New issue

Have a question about this project? Sign up for a free GitHub account to open an issue and contact its maintainers and the community.

By clicking “Sign up for GitHub”, you agree to our terms of service and privacy statement. We’ll occasionally send you account related emails.

Already on GitHub? Sign in to your account

Explicit interface order #337

Merged
merged 6 commits into from Sep 17, 2016

Conversation

Projects
None yet
2 participants
@samcragg
Contributor

samcragg commented Sep 13, 2016

Here's my attempt at fixing issue #315 and adding the ability to place explicit interface members after normal public methods.

Note I've added a dependency on NSubstitute (via NuGet) for the unit tests - I'm happy to change that to another mocking framework if you have a preference.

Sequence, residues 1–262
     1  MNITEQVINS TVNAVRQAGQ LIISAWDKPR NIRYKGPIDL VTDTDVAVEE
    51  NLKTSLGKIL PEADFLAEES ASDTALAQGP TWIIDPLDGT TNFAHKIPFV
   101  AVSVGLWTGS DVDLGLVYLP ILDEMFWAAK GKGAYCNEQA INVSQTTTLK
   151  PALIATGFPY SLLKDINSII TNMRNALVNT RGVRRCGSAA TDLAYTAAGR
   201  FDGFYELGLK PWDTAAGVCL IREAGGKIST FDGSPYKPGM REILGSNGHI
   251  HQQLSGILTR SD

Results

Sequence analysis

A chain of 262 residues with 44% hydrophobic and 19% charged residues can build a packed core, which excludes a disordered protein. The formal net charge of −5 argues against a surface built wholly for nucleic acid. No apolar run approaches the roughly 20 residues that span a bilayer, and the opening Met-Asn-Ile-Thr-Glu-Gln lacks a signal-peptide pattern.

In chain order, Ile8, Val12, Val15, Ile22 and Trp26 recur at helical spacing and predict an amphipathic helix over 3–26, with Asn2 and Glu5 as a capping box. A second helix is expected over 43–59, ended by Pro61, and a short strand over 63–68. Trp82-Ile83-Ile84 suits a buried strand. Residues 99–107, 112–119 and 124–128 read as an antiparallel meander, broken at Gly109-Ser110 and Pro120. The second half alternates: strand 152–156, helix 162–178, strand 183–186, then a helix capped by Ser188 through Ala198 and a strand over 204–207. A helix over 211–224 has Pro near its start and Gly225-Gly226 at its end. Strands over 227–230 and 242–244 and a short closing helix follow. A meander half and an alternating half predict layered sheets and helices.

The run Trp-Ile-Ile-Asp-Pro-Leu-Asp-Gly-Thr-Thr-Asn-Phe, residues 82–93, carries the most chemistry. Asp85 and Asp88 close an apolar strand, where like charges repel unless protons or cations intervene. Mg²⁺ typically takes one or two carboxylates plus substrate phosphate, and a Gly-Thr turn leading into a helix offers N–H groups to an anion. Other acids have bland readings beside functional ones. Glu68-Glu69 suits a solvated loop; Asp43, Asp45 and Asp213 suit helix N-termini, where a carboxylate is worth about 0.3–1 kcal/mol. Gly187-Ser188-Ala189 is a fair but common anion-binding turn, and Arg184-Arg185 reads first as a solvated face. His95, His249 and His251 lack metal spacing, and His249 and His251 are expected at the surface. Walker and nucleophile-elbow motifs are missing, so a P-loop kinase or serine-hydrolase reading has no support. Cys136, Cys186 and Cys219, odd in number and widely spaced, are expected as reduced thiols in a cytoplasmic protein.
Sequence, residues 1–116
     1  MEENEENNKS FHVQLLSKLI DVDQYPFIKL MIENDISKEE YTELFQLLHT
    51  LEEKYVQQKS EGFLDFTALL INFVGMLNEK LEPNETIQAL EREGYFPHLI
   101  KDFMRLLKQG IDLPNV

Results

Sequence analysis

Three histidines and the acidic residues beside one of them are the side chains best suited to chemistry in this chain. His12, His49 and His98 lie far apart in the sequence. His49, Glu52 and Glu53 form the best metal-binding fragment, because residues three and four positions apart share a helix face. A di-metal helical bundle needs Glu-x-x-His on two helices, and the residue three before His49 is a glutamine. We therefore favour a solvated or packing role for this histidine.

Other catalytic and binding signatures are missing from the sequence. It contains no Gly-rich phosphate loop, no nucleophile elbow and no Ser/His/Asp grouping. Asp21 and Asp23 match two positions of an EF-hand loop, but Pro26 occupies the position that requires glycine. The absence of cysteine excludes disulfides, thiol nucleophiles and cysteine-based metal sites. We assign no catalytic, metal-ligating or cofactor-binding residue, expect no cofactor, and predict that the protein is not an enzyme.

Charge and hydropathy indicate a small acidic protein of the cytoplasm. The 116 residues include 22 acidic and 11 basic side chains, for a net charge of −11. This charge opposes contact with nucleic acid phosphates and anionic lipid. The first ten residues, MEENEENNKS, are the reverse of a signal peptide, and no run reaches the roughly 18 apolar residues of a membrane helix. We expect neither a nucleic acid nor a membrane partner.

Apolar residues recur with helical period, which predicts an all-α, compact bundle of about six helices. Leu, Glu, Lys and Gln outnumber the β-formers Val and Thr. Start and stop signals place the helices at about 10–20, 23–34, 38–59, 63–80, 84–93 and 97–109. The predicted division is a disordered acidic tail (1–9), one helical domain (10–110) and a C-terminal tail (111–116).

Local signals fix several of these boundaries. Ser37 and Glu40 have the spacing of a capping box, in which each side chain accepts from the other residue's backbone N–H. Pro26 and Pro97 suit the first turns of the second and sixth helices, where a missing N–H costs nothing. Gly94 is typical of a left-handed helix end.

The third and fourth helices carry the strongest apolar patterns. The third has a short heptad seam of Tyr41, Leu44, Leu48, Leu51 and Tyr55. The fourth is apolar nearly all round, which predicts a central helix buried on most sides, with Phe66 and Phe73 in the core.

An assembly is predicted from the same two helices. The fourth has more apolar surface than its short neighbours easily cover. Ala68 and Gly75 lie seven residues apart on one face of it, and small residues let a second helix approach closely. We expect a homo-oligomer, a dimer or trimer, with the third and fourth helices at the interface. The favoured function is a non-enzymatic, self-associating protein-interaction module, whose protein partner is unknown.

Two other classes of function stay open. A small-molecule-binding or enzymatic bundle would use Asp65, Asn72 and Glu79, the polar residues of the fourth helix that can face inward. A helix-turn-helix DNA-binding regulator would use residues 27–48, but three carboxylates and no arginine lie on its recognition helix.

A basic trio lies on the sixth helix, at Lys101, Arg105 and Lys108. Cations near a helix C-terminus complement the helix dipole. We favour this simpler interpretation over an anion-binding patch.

samcragg added some commits Sep 13, 2016

Fix sorting of explicit interface members
When sorting, interface members are now checked if they are explicit
implementations and, if so, will only use the member name when
performing a name sort (i.e. IInterface.Method will be normalized to
Method)
Add new reorganizing setting
Allows the placing of explicit interface members at the end of their
group to be specified with the options dialog
Sort explicit interface members at the end
Explicit interface members will now be sorted at the end of their group
if the setting is checked.

@codecadwallader codecadwallader added this to the v10.2 milestone Sep 14, 2016

@codecadwallader codecadwallader self-assigned this Sep 14, 2016

@codecadwallader

This comment has been minimized.

Owner

codecadwallader commented Sep 14, 2016

Thanks so much for putting this together. I'd like to look over it a little more, test it out and I'm sure I'll have a few comments - but at first blush it looks really good.